Over the past few months, this has become more apparent to us.  We're working on teaching our children to be content - and to be content ourselves.  To be thankful for what we have...and to get rid of some of the excess that we have and we don't really need.  In most cases, less is definitely more. 


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A Positive Family Blog

Chad Dykstra - 2011-01-10
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The last few blogs have admittedly been a little more negative (or less happy-sounding) than most of our previous posts.  This is simply due to the part of the process that we are in...the survival part!  I'd like to take this opportunity to shift focus to the positive again.

Today was a good day for us.  We aren't ending the day overly tired or frustrated.  The kids played well most of the day.  They had a blast sledding down the hill in front of our house and were out there for a long time this afternoon.  That translated into quiet time for daddy as he worked, which was really nice!  The boys really like the snow.  The funny thing is they probably have no idea that it will go away in the spring.  Coming from an area where the climate is always the same, they probably just assume that it will always be cold and snowy. I'm sure they will like spring, summer, and fall also.

We seem to be taking baby steps toward normal.  We still deal with lots of tantrums over little things on a daily basis...but over the last few days, they have been decreasing in number, intensity, and duration.  We're starting to get a discipline routine down that is working.  The boys are starting to use English a little more each day.  I feel like communication is becoming less of a frustration for everyone as we learn more words in their language, they learn more words in ours, and we learn how to communicate without speaking the same language.  All of these changes are baby steps, but baby steps are still steps.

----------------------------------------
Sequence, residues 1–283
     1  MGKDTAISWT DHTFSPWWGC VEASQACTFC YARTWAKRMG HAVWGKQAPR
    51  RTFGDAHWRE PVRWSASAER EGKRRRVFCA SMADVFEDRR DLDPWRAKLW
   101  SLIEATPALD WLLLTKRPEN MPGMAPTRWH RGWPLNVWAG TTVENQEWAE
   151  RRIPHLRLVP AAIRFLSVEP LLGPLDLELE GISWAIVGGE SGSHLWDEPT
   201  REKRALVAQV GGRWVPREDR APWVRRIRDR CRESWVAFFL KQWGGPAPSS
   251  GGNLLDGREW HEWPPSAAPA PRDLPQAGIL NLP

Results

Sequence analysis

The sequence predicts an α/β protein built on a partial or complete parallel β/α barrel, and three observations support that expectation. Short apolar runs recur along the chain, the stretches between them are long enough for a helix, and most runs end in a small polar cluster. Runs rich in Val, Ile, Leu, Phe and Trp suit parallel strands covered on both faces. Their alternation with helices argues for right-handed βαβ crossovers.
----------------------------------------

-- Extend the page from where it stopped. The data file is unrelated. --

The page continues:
Sitting around the dinner table tonight, I was trying to imagine how different it would be if it were just the four of us sitting at that table.  I can't even imagine it anymore.  A family of six is starting to feel normal!  As of today, in fact, this is no longer our adoption blog but rather our family blog.  The paperwork and waiting are behind us, and now we work towards strengthening our relationship as a family.  We are starting to feel more like a family every day.   The boys are our children - and we love them like our children.  It feels like they love us like mom & dad - and that's a good feeling.  A positive feeling.


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Questions and Answers

Chad Dykstra - 2011-01-07
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I’d like to take the opportunity to field a couple of questions that we receive on a fairly regular basis. 

Question 1:  Are the boys adjusted yet?

Answer:  No, not yet!  The boys have been through a lot in their short lives.  They’ve experienced more loss than most people ever will.  Their entire world is different now than it used to be, and it’s going to take some time for everything to become normal.  Things have to get worse before they get better.  We are, however, making slow daily progress.  Meal times and bedtimes get a little easier as time goes on and it will eventually happen.

Question 2:  What do you mean by things have to get worse?

Answer:  As the boys adjust, they’re no longer timid and complacent young gentlemen.  The “honeymoon” as it were is quickly fading and we deal with a lot on a daily basis.  Just ask anyone who has spent any amount of time with us!  It’s nothing for someone to throw themselves on the floor kicking and screaming because we turn off the TV (or turn on the wrong show), or because when they ask for more food their brother gets more too.  It’s not unusual for them to throw a toy at someone they’re angry with, or to whine incessantly about any little thing.  If absolutely everything doesn’t go their way, an explosion is imminent.  Our calm, quiet, sweet, level-headed Abatu is the biggest surprise.  He has surpassed his brother lately on the count of daily tantrums.  The "suggested" discipline for the boys had become almost impossible, they just laugh in your face.  It can be quite frustrating!